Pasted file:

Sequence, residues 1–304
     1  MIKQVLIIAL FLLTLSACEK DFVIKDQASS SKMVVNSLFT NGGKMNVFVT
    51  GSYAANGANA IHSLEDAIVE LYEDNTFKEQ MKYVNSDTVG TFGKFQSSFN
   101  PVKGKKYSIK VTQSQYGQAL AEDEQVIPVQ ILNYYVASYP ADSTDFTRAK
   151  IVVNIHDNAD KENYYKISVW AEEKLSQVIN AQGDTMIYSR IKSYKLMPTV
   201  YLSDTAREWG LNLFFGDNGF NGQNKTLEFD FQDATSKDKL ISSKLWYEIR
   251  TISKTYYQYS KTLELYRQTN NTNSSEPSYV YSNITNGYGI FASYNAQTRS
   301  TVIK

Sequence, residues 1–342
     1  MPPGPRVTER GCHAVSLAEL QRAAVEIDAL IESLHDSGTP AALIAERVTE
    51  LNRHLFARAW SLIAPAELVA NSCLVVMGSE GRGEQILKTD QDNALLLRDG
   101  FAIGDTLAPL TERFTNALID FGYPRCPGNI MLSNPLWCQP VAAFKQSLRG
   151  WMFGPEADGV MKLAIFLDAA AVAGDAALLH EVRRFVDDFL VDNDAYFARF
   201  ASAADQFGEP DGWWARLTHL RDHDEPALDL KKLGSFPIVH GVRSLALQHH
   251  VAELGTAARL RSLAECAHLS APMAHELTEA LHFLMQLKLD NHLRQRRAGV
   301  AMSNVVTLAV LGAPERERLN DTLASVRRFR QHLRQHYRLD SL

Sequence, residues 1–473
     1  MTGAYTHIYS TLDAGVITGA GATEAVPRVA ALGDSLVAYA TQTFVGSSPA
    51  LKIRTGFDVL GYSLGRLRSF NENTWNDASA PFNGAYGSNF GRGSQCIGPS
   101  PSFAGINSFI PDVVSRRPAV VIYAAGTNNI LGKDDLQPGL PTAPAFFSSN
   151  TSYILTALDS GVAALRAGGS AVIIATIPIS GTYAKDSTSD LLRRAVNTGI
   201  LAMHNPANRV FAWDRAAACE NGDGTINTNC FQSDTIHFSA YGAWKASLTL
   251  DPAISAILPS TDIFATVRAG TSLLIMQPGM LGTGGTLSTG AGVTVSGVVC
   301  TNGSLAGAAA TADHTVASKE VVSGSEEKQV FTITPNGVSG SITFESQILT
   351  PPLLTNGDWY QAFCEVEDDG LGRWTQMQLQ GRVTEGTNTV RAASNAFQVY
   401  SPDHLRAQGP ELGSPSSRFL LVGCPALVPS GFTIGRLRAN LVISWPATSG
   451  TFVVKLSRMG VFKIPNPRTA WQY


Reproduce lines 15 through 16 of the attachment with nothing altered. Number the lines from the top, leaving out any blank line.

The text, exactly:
   251  VAELGTAARL RSLAECAHLS APMAHELTEA LHFLMQLKLD NHLRQRRAGV
   301  AMSNVVTLAV LGAPERERLN DTLASVRRFR QHLRQHYRLD SL